Part of that intrigue comes down to the prospects in and around the weight, like Kazuki Tanaka, Hinata Maruta and Daisuke Watanabe. Another part however is the great match ups that can be made at the top of the domestic scene.
The next bout at the top of the Japanese scene scenes Japanese champion Yasutaka Ishimoto (27-8, 7) defending his Japanese title, for the first time, against mandatory challenger Yosuke Fujihara (16-3, 4). For Ishimoto this is first defense of a title that took him 3 shots to win and it's a chance to strengthen his claim as the king of the Japanese domestic scene. For Fujihara the bout is a chance to continue his development as a fighter and record a third successive win of note.
Of the two men it's Ishimoto who is the better known fight. He's been a professional since 2002 and has mixed with several notable names. That has included Masaaki Serie, twice, Yota Sato, Shingo Wake, Yu Kawaguchi, Wilfredo Vazquez Jr, Chris Avalos and Yukinori Oguni. Whilst no one will act like Ishimoto is a world beater he's got a number of very good wins on his record, including victories over Wake, Kawaguchi, Vazquez Jr, Gakuya Furuhashi and Yusaku Kuga.
In the ring Ishimoto is a busy, well schooled fighter with a sharp jab, solid work on the inside and although he lacks power he is a real handful combining speed, heart and work rate. So far he only has one stoppage loss, to Avalos, and could well have had wins in a number of his losses. In fact in another world he'd have about 4 less losses.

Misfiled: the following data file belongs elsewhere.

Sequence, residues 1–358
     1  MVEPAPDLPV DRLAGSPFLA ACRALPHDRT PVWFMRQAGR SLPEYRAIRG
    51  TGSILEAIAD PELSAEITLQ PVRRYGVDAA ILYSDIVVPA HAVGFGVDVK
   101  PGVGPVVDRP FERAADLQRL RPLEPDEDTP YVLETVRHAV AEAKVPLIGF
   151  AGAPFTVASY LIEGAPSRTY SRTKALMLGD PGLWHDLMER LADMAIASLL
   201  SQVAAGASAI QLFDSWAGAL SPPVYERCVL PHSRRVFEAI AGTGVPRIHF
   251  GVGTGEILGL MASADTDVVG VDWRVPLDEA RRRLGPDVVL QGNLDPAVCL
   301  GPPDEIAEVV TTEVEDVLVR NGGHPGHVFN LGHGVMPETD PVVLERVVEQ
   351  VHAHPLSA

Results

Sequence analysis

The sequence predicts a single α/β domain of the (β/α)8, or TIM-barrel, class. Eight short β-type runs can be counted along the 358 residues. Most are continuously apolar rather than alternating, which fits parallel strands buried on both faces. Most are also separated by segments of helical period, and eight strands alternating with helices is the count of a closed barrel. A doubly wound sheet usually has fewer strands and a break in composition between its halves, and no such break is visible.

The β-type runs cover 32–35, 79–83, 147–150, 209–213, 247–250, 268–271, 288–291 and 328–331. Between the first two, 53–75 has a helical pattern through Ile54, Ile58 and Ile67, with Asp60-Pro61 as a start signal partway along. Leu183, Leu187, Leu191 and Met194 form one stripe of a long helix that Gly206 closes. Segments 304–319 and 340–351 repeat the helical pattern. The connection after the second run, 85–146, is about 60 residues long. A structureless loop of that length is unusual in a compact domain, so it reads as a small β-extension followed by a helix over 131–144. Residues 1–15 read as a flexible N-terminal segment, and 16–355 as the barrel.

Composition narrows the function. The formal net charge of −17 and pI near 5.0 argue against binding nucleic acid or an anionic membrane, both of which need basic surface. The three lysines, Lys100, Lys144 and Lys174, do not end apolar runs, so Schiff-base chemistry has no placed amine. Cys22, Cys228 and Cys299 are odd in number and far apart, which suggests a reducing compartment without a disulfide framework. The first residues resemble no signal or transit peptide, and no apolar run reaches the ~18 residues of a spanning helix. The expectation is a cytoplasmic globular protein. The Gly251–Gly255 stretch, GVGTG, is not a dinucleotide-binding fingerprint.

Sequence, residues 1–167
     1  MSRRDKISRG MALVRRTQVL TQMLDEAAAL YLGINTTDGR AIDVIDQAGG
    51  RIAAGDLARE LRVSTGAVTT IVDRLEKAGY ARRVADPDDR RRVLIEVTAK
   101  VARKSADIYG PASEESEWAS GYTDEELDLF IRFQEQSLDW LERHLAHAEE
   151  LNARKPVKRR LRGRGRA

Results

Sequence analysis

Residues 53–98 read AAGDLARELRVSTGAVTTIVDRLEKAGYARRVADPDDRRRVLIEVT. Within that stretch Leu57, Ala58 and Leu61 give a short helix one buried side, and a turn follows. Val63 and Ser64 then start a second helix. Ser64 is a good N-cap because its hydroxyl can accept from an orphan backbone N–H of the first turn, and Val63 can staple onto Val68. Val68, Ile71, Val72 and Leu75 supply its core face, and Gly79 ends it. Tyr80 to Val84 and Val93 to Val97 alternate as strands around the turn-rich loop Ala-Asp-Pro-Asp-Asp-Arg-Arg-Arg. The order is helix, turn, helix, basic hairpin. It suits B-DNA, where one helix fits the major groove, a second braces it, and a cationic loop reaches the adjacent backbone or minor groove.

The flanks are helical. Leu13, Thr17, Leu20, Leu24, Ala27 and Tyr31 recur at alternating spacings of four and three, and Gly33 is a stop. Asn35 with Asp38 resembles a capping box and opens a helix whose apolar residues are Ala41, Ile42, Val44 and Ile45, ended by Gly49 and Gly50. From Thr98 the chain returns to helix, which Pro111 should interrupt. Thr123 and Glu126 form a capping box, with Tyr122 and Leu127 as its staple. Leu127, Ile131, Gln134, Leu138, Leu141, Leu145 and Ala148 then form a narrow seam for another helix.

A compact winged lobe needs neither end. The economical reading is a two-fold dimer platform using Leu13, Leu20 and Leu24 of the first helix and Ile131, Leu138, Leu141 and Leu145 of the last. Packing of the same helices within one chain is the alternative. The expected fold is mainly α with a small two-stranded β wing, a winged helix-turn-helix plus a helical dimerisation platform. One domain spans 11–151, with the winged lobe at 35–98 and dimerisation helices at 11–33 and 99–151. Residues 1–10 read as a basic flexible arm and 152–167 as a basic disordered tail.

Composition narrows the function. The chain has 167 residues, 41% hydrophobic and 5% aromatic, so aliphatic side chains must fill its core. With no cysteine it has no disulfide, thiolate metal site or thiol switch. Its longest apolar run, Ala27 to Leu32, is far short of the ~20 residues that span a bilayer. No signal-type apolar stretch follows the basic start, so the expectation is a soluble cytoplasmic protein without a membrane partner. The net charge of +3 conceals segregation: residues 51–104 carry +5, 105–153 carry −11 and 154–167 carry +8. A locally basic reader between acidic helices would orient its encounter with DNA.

When it comes to Fujihara much less is known with footage being scarce, though he has faced some notable fighters of his own. Sadly for him he has suffered losses to many of those notable fighters, including Kentaro Masuda and Ryuta Otsuka. He has however scored wins over Teppei Kikui, Kenji Kubo and Yukunoi Hisanaga. Interestingly he is 3-3 in his last 6, but the 4 most notable wins have come in his last 7 bouts and he has also looked good since moving to 122lbs, in fact his only losses have come at Bantamweight as opposed to Super Bantamweight.
Notably Fujihara went 8 rounds with Kentaro Masuda, back in 2011, before taking 2 years off. In his second bout back he was stopped inside a round by Yuta Nakagawa and was then stopped against by Ryuta Otsuka, before taking a year out and returning to score back-to-back wins. Although clearly not the busiest of fighters it's plausible that the breaks have helped him develop significantly as a fighter, both mentally and physically.
Although Fujihara is in good form it does seem like he's stepping up, in a big way, for this bout and we suspect that whilst he'll be game against Ishimoto he won't be able to keep it up for the 10 rounds and will either be broken down for a late stoppage, or suffer a clear, but competitive, decision loss to the talented champion.